… or is it?
A recent Chronicle of Higher Education piece details several studies which argue that life choices such as raising a family are not the primary cultural factors that drive women out of professional careers. In the field of engineering, it is overwhelmingly a lack of confidence as professionals which influence women to pursue a different field of study or work, both during and after completing a degree. In other words, it’s not a lack of competence, but rather a sense of being given no regard as a professional.
Putting aside that the article treats seriously the notion that women lack competence in certain fields by virtue of being women, even as a simple contrast with the study’s conclusion, labeling “professional role confidence” as “a person’s sense that he or she belongs in a certain field” masks a number of underlying concerns related to the lived experience of that field’s culture. I would argue, first and foremost, that there is nothing essential about the relative competence of women versus men in specific fields of intellectual study, and that to assert that one sex is less ‘fit’ to study or be educated in a certain subject (i.e. men are better at mathematics, or women are better at biology) is crude, paternalistic essentialism.
But secondly, and perhaps more importantly, what lies behind the feeling of not ‘belonging’ to a specific profession? I would argue here that the matter does, in fact, relate to competence: more specifically, to the perception of competence. There are a number of cultural paradigms present in disciplines dominated by males that are not present in fields dominated by females, and vice versa. Most notably for the topic at hand, I would trace the phenomenon of women feeling as if they do not belong in a discipline dominated by men to just such crude, paternalistic essentialism, or, as the article says:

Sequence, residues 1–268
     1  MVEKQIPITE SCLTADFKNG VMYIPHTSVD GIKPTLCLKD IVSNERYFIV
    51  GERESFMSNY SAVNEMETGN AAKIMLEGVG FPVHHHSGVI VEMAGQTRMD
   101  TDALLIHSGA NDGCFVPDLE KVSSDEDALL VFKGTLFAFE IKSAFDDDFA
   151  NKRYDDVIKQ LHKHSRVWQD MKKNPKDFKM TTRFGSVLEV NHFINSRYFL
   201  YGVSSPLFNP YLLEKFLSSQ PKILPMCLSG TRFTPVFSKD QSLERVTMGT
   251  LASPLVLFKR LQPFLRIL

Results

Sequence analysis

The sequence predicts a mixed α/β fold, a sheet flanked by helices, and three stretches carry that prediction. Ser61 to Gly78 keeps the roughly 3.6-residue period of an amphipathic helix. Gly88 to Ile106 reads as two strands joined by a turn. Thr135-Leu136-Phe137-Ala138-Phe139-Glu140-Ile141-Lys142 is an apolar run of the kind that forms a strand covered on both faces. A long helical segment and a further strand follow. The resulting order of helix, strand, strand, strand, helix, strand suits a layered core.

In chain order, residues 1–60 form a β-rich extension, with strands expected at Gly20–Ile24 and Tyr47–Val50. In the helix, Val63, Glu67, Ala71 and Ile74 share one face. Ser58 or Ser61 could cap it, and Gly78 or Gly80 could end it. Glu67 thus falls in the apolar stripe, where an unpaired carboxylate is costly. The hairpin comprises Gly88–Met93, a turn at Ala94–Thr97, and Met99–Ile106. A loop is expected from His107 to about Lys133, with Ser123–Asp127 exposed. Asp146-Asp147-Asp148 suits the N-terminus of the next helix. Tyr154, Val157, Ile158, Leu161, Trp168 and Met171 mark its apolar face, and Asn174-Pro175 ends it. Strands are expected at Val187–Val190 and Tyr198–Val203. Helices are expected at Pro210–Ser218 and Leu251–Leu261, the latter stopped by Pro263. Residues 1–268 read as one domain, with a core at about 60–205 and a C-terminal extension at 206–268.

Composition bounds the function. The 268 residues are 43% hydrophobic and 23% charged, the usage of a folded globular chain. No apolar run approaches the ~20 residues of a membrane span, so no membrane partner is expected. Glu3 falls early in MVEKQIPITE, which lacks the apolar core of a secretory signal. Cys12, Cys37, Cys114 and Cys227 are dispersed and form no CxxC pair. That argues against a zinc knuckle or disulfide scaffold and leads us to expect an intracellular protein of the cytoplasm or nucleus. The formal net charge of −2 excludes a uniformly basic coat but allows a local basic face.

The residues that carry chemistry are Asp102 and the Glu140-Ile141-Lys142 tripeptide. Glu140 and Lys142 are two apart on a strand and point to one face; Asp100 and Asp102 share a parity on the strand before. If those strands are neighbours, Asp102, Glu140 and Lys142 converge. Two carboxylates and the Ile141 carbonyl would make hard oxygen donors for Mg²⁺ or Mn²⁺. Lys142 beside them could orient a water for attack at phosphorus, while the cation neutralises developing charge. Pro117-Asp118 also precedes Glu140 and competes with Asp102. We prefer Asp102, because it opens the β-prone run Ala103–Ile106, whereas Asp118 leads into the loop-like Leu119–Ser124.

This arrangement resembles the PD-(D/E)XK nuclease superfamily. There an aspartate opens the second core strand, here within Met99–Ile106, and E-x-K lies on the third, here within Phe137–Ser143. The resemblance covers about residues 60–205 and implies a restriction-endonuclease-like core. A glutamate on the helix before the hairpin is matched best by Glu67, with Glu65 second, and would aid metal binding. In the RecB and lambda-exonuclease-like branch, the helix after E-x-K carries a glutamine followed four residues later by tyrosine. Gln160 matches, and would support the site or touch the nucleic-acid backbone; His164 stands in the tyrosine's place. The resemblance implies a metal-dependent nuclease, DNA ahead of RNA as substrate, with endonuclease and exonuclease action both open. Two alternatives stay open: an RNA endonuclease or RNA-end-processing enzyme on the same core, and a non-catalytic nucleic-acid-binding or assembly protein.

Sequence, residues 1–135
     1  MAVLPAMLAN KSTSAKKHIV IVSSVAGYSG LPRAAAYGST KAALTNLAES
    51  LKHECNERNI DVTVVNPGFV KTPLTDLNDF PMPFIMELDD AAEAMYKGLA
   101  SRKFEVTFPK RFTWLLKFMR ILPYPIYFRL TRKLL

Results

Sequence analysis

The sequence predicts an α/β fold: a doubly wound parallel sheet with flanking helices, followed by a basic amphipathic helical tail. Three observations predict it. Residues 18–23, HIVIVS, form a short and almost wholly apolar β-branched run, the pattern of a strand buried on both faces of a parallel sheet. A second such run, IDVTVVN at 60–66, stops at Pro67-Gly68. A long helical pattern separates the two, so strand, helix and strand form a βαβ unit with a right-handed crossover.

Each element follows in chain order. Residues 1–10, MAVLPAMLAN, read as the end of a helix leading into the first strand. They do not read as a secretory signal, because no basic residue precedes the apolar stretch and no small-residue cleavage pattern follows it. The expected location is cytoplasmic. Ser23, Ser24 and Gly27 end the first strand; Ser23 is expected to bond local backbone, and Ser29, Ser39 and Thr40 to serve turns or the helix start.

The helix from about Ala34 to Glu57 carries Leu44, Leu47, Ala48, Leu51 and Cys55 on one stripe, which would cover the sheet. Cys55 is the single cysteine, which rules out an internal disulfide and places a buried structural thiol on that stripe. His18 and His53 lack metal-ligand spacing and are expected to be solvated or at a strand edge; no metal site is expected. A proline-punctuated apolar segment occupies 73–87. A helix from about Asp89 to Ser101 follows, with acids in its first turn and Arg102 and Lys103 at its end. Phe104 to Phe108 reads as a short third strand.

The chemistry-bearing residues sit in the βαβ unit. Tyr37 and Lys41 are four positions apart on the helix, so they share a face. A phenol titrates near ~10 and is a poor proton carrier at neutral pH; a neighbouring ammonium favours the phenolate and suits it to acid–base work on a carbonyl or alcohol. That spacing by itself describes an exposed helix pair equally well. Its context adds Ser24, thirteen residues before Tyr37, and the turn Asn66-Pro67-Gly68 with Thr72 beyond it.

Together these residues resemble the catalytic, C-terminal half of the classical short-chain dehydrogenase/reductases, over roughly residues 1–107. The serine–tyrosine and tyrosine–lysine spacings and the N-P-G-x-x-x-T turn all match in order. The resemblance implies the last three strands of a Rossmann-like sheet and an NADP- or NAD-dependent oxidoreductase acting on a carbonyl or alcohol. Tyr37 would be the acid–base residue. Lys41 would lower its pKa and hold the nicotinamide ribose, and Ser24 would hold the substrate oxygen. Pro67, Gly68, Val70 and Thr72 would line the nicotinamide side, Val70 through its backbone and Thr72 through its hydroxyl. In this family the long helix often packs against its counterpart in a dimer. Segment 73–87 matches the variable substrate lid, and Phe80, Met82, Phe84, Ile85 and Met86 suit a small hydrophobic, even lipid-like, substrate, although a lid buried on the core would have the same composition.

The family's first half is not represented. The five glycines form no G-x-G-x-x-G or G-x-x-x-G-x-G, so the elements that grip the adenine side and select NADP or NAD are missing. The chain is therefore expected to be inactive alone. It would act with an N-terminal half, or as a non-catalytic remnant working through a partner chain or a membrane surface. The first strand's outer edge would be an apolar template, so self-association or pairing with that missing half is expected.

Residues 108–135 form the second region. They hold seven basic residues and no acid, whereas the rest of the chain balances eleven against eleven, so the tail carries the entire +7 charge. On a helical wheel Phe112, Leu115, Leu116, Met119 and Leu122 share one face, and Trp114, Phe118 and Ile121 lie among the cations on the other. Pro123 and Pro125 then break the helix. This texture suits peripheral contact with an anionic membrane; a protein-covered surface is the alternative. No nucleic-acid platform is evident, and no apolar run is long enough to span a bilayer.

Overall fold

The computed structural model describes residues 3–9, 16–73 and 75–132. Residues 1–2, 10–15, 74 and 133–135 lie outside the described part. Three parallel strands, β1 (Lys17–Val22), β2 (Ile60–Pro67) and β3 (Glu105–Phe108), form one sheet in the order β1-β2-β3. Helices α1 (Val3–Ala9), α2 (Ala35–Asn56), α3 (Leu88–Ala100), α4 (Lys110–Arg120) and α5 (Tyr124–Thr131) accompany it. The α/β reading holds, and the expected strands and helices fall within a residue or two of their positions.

As one of the most sex-segregated professions outside the military, engineering carries ingrained notions and biases about men being more naturally suited to the field, which can have self-reinforcing effects… Traditionally, it has been thought that women’s family plans and low regard for their mathematical skills accounted for their low representation in the field.
Male dominated fields such as engineering culturally instantiate a perception of incompetence on the part of women to advance intellectually in the field as far as men. Is it any wonder why, then, women would feel as if they did not belong, as if they were not regarded as professionals on equal footing as their male counterparts, as long as this bigotry holds cultural clout? So perhaps these studies are only confirming the cultural dimensions that conventional wisdom has played off of in the debate over gender equality in the professional workplace.
In sum, I am grateful for the distraction from focusing on lifestyle choices, which almost always means raising a family, as the reason women matriculate out of professional careers – do men not also want a family? Do men not also want to spend sufficient time with their families? Why would this decision not compel men to change vocation?
However, at the same time these studies preclude an investigation of the factors which may contribute to a particular assessment of professional regard by treating the subject of gender imbalance in professional fields as a function of a personal assessment of professional regard only. In the effort to have an open dialogue about the issue, it is much more difficult of such cultural factors are preempted from examination by locating the origin of the imbalance with the individual – saying the ’cause’ of women leaving engineering is that they feeling “less confident” about being recognized as a professional by their field than their male counterparts – rather than also (and perhaps primarily) with the cultural context in which the individual is situated.
A feeling of ‘not belonging’ is always a feeling of alienation. This is not a problem of confidence; it is a problem of the (continued) perception of incompetence.